One of the questions on the feedback forms was “What did you find challenging about the workshop?” Well .. I’m sure you can all guess the answer to that question – lunch! Not only did the food affect the mood of the afternoon session it sabotaged our evaluation as well.

What went wrong – the event organiser who we originally booked the venue through was on holidays for the week. When we thought we had got it all right one last phone call to check the details would have made the difference.

Never overlook the importance of food in the Wow factor!

What gives workshops the WOW factor?

So what is it that makes you leave a workshop saying “Wow that was a fantastic workshop”?

For me it’s a combination of process and delivery with great attention to detail. It’s often the little things that make all the difference – just starting and finishing on time is so important, such a small detail which is often overlooked. People like us to value their time and sitting around waiting for those who are late isn’t valuing my time! Yes, I know, as the facilitator we want everyone to be there at the start of the workshop so we can go build the atmosphere …so we need techniques to deal with the late comers, or strategies to ensure everyone arrives on time. Timing is a whole topic of it’s own.

To get the discussion started I asked my facebook friends for their ideas about the Wow factor. All of their comments will great topics for future blogs and info for my book, so thanks for all of your input.

  • Humour and the experience of the presenter – not just reading powerpoint slides but using real life examples which bring the topic to life.
  • Appreciate, recognise and value the people in the room. Allow time for reflection.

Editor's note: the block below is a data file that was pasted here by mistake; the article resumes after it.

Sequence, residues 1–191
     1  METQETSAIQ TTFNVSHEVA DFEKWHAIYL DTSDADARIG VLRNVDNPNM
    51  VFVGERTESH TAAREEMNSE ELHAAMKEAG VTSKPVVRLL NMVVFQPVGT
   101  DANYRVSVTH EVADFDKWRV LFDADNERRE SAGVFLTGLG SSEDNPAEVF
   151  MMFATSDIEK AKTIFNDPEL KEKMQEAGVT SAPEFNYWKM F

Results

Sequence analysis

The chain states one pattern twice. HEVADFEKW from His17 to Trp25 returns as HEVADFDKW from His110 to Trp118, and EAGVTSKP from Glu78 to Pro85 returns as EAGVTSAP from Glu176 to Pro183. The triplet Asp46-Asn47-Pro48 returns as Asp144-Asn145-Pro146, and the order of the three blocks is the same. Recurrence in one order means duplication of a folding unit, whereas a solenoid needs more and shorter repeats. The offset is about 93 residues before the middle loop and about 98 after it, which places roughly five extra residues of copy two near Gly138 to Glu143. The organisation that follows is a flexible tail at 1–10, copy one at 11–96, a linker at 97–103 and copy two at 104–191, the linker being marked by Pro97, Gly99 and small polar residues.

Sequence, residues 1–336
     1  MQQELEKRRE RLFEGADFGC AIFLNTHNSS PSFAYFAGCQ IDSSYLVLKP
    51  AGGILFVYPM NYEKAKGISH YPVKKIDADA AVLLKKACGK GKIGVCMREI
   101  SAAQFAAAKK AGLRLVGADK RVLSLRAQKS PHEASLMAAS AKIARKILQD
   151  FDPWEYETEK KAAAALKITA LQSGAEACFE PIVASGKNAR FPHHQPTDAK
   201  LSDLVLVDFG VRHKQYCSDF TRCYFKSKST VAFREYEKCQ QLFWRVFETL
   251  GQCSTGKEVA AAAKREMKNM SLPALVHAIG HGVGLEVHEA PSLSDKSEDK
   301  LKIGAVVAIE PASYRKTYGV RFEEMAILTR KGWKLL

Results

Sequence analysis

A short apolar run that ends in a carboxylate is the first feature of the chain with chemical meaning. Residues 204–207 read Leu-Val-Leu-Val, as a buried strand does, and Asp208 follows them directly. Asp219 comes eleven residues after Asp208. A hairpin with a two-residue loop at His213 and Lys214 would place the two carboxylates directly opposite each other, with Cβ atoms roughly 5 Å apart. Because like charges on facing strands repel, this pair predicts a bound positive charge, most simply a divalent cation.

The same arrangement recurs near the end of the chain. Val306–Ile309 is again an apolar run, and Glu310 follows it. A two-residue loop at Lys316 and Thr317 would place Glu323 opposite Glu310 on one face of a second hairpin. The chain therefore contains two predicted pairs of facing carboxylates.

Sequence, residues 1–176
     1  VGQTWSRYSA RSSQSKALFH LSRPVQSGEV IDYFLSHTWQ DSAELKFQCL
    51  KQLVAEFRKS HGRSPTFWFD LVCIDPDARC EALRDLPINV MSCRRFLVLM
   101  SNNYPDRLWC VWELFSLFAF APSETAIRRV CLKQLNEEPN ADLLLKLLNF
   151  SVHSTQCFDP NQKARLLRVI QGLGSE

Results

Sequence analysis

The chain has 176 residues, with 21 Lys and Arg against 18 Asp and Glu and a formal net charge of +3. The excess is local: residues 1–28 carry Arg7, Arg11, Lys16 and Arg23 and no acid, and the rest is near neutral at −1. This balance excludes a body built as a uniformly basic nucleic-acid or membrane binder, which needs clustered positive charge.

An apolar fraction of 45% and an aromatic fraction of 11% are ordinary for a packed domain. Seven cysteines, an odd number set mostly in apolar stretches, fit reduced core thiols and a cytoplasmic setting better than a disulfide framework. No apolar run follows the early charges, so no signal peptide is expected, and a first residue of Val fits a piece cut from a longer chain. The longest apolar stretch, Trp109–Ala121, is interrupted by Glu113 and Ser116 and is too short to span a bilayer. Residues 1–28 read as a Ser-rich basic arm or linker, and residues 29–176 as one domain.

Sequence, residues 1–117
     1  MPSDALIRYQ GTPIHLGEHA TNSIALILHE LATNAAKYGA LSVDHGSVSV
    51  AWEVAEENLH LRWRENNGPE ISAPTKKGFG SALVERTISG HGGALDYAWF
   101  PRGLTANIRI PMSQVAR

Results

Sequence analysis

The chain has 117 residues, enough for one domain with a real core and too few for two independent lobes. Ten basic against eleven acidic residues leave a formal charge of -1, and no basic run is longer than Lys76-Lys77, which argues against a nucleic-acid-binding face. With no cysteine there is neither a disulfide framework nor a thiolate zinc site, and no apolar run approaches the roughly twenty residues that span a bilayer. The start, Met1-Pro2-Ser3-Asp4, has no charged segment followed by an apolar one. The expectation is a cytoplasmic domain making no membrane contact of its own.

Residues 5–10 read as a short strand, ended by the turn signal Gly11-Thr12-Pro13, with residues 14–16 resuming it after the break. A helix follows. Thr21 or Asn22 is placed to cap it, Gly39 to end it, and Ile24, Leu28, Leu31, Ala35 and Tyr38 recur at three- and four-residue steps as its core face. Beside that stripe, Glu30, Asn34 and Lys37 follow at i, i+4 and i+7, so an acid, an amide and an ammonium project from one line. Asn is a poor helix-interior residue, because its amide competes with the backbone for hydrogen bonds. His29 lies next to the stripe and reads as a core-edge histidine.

• Group work – the opportunity to reflect and explore things that work and things that don’t.
  • It’s always good to know that sometimes you are on the same path as others or the presenter which makes for a bit of a wow (like wow I am doing OK)
  • Networking and sharing with others new ideas  offers wow (how can I try that in my practice and will it work)
  • Personal stories
  • Fun, colour, play – I think these sorts of approaches can bring out the child and some very creative thinking can evolve, we drop some of our barriers to learning.
  • The tricky job of being able to manage the personalities and learning styles in the room.
  • A supportive and comfortable environment – that gives everyone the opportunity to leave the workshop feeling that they were listened to, participated and reflect in their own way.
  • There needs to be something new
  • “A double choc cheesecake with extra cream would do it for me not forgetting the strawberry on the side at smoko!”
Perhaps a key to our thinking about Wow in workshops might come from the Wow in other parts of our life… and our ability as the facilitator to bring this with us into our work…

Wow! ...Flying with my husband into the sunset in his small plane.


Welcome to Workshops with Wow!

This page will provide you with tips and tools tips and tools to create great workshops. Workshops where your participants leave saying “Wow” that was a fantastic workshop.

We can also provide

  • Mentoring and coaching to assist you with your workshop, facilitated session or presentation
  • Workshops, tailored to your companies needs
  • Key note presentations

Keep an eye out for our next post.